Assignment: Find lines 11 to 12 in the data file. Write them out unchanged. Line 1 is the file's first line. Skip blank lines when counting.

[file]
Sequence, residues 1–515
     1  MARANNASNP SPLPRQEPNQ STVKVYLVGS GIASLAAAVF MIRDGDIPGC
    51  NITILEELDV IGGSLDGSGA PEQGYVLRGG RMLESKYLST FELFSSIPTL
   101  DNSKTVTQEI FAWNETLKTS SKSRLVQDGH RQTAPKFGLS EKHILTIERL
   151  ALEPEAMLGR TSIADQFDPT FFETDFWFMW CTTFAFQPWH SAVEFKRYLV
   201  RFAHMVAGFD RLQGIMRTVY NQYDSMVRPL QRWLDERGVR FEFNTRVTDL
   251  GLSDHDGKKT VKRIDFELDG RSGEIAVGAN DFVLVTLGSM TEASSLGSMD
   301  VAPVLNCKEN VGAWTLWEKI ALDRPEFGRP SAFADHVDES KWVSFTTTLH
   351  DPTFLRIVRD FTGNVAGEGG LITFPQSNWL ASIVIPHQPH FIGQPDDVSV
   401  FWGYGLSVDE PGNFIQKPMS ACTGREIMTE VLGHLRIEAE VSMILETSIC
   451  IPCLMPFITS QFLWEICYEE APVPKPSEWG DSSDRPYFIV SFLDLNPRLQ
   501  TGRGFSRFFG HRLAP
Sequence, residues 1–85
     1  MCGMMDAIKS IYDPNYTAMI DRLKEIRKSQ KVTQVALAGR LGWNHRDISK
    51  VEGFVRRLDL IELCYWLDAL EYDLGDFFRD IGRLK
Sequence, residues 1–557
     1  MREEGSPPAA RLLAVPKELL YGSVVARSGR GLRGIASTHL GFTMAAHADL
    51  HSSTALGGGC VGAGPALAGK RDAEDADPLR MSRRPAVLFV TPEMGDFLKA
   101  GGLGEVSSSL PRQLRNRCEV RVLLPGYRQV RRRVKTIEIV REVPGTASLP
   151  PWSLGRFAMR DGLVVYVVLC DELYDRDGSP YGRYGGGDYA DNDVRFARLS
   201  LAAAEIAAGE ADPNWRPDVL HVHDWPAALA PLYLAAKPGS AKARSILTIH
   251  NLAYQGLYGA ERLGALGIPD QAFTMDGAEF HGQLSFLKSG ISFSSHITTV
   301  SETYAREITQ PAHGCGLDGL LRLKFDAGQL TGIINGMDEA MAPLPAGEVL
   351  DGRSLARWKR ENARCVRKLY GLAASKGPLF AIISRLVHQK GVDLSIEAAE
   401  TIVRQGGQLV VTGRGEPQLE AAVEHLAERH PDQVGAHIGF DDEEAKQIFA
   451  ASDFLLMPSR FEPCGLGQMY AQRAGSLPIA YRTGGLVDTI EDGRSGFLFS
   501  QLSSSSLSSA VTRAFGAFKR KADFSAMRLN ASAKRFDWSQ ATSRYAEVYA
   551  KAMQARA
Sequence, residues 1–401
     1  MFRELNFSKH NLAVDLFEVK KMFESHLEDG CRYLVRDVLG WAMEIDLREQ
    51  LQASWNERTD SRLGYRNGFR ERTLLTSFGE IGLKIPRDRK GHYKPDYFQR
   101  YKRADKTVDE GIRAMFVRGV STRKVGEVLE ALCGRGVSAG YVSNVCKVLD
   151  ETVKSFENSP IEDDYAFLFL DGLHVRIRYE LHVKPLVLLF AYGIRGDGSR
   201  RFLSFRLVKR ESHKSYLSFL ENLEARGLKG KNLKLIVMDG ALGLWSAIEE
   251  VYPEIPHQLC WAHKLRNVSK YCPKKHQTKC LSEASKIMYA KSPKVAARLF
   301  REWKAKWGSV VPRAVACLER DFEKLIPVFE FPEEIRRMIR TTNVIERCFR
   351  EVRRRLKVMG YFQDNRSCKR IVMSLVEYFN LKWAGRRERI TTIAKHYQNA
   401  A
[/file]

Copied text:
   451  IPCLMPFITS QFLWEICYEE APVPKPSEWG DSSDRPYFIV SFLDLNPRLQ
   501  TGRGFSRFFG HRLAP